To Chin, the production and use of these texts played a decisive role both in the construction of a pre-Christian classical culture and in the construction of Christianity as a religious entity bound to a religious text. In exploring themes of utopian writing, pedagogical violence, and the narration of the self, the book describes the multiple ways literary education contributed to the idea that the Roman Empire and its inhabitants were capable of converting from one culture to another, from classical to Christian. The study thus reexamines the tensions between these two idealized cultures in antiquity by suggesting that, on a literary level, they were produced simultaneously through reading and writing techniques that were common across the empire.
In bringing together and reevaluating fundamental topics from the fields of religious studies, classics, education, and literary criticism, Grammar and Christianity in the Late Roman World offers readers from these disciplines the opportunity to reconsider the basic conditions under which religions and cultures interact.
One cannot enter the medieval world of the 13th century wearing 21st century glasses. The authors writing in the volume make every effort to see what the Franciscan Schoolmen saw; to hear what they heard; to think as they thought. Thus foundational Franciscan insights and intuitions are offered for consideration in the contemporary search for meaning.
The rich history of the Christian church — with its centuries of dramas, splendors, achievements, and controversies — has long provided a deep source of inspiration for artists. Our own cultural familiarity with the historical aspects of this tradition, however, has waned in recent years. Thus, there exists an odd paradox: works of art have never been more carefully preserved and enhanced; museum exhibitions and visits to view artwork in churches and cathedrals have never been more popular. Yet the historical events and theological ideals depicted in such artistic masterpieces are quite often unknown or misunderstood.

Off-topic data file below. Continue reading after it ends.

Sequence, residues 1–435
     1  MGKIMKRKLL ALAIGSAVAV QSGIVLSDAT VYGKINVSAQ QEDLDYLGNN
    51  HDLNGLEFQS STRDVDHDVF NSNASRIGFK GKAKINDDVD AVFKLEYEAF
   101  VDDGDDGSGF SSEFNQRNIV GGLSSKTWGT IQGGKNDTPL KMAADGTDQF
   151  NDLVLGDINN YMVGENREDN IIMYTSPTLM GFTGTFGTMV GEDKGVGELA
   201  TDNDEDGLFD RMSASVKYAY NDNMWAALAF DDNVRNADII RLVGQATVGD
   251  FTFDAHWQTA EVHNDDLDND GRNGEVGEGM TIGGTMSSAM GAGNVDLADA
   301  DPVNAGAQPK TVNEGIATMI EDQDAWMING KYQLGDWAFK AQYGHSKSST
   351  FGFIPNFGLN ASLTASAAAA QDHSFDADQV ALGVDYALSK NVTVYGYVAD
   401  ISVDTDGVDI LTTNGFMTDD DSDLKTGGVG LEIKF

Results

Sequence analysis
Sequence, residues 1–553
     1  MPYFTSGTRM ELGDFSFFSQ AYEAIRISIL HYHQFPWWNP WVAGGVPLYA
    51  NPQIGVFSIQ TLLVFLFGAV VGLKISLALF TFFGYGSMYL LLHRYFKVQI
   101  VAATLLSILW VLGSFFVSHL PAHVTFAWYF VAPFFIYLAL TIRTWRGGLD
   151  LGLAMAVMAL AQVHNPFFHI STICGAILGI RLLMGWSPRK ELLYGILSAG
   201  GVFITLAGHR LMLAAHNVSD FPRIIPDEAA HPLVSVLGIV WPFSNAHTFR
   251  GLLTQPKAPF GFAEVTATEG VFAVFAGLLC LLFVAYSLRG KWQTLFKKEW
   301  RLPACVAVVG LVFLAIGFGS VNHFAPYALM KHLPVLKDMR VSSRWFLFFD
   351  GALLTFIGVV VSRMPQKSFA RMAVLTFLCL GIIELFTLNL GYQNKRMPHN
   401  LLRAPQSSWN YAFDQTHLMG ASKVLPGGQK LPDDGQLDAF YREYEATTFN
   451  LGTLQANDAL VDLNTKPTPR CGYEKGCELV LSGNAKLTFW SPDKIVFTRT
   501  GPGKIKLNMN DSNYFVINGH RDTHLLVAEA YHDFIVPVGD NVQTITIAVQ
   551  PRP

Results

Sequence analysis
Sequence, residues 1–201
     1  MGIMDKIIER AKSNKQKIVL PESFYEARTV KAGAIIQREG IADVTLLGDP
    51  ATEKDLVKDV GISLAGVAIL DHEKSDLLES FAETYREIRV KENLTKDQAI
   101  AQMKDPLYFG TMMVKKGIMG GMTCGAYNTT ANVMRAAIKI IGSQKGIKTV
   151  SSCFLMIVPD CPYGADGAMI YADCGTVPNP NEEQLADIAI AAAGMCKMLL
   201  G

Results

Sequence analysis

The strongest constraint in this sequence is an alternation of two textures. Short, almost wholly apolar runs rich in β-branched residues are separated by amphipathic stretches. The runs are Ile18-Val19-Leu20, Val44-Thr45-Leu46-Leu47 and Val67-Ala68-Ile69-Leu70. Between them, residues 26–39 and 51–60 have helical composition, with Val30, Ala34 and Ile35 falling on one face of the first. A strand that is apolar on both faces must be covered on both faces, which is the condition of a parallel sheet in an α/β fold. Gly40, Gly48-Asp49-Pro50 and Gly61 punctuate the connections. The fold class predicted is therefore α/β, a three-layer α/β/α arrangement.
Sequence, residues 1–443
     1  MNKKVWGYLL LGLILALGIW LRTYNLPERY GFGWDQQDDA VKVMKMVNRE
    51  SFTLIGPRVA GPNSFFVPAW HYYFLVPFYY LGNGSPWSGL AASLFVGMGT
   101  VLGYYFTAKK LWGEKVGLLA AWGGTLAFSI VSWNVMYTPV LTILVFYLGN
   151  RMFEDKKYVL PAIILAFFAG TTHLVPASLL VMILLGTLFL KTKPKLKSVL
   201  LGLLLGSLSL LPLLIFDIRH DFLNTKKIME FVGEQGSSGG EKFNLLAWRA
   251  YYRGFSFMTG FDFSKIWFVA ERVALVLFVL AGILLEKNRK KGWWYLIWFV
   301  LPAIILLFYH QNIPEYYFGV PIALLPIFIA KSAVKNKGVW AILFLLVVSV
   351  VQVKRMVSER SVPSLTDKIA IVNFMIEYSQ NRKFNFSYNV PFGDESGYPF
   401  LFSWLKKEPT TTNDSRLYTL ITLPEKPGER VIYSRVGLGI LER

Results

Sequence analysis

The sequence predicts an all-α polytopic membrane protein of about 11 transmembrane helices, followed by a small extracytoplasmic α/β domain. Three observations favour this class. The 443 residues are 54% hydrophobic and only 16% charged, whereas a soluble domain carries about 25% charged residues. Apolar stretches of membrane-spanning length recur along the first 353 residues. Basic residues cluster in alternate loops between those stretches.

The History of the Church through 100 Masterpieces has been designed to give that deeper meaning back to our experience of these paintings by providing insightful descriptions of the stories they purport to tell. Jacques Duquesne and François Lebrette choose a beautiful array of works — some already well known to us as visual images — to discuss, recounting both the historical events and the religious and cultural background surrounding them.
It was from the pulpit of the Riverside Church that Martin Luther King, Jr., first publicly voiced his opposition to the Vietnam War, that Nelson Mandela addressed U.S. church leaders after his release from prison, and that speakers as diverse as Cesar Chavez, Jesse Jackson, Desmond Tutu, Fidel Castro, and Reinhold Niebuhr lectured church and nation about issues of the day. The greatest of American preachers have served as senior minister, including Harry Emerson Fosdick, Robert J. McCracken, Ernest T. Campbell, William Sloane Coffin, Jr., and James A. Forbes, Jr., and at one time the New York Times printed reports of each Sunday's sermon in its Monday morning edition.
For seven decades the church has served as the premier model of Protestant liberalism in the United States. Its history represents the movement from white Protestant hegemony to a multiracial and multiethnic church that has been at the vanguard of social justice advocacy, liberation theologies, gay and lesbian ministries, peace studies, ethnic and racial dialogue, and Jewish-Christian relations.